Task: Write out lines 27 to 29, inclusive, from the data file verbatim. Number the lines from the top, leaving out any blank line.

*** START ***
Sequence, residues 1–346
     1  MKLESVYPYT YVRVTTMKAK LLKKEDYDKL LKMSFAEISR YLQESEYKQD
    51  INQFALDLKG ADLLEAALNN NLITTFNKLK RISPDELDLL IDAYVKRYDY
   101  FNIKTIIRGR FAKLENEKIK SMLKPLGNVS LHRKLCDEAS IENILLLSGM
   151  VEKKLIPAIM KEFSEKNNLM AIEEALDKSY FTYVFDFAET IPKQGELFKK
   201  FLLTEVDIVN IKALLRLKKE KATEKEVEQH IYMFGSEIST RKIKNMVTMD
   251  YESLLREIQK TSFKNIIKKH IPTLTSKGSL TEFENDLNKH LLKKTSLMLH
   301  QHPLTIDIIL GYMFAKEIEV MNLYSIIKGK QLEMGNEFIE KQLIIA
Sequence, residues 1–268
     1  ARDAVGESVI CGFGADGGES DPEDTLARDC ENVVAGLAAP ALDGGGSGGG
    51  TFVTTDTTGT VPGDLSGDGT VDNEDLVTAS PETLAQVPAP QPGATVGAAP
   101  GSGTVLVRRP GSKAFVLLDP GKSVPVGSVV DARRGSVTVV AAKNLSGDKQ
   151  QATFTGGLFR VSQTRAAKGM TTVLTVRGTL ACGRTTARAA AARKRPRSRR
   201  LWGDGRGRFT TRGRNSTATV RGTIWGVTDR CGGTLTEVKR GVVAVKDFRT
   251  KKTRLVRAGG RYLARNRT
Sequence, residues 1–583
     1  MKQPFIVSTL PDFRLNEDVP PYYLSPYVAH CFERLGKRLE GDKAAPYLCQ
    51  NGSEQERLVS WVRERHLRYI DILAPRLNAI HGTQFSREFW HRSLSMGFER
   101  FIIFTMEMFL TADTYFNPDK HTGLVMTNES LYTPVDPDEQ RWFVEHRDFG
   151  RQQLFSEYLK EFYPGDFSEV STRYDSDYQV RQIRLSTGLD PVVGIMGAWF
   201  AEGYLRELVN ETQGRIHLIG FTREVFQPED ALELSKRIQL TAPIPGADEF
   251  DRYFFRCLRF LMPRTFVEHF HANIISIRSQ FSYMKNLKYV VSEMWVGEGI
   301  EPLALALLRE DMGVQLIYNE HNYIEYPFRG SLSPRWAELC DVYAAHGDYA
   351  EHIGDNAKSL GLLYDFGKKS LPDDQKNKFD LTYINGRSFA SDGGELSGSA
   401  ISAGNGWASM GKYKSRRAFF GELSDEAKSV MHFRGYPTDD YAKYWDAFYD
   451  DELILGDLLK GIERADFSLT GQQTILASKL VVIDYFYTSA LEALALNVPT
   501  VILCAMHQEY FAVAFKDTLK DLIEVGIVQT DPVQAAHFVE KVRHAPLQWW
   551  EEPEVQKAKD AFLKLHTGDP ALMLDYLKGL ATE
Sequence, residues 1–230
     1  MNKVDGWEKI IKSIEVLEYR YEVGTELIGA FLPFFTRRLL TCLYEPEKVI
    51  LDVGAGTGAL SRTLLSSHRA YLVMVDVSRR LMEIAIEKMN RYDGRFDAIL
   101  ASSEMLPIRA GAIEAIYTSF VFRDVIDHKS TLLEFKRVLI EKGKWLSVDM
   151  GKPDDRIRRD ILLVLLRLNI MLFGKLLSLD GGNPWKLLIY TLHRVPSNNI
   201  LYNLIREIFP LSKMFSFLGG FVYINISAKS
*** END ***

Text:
   501  VILCAMHQEY FAVAFKDTLK DLIEVGIVQT DPVQAAHFVE KVRHAPLQWW
   551  EEPEVQKAKD AFLKLHTGDP ALMLDYLKGL ATE
Sequence, residues 1–230